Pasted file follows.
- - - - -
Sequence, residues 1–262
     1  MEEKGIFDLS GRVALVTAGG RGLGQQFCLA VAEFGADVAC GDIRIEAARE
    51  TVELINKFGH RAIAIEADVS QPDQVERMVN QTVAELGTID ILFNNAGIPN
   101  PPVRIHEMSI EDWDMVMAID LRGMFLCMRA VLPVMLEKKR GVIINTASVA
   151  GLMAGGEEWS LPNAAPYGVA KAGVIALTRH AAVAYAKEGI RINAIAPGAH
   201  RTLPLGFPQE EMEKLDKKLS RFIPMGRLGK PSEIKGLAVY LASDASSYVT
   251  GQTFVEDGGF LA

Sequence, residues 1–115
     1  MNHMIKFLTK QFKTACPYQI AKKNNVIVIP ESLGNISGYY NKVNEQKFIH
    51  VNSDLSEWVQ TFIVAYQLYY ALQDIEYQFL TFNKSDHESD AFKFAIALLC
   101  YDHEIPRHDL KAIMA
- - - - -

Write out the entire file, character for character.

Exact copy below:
Sequence, residues 1–262
     1  MEEKGIFDLS GRVALVTAGG RGLGQQFCLA VAEFGADVAC GDIRIEAARE
    51  TVELINKFGH RAIAIEADVS QPDQVERMVN QTVAELGTID ILFNNAGIPN
   101  PPVRIHEMSI EDWDMVMAID LRGMFLCMRA VLPVMLEKKR GVIINTASVA
   151  GLMAGGEEWS LPNAAPYGVA KAGVIALTRH AAVAYAKEGI RINAIAPGAH
   201  RTLPLGFPQE EMEKLDKKLS RFIPMGRLGK PSEIKGLAVY LASDASSYVT
   251  GQTFVEDGGF LA

Sequence, residues 1–115
     1  MNHMIKFLTK QFKTACPYQI AKKNNVIVIP ESLGNISGYY NKVNEQKFIH
    51  VNSDLSEWVQ TFIVAYQLYY ALQDIEYQFL TFNKSDHESD AFKFAIALLC
   101  YDHEIPRHDL KAIMA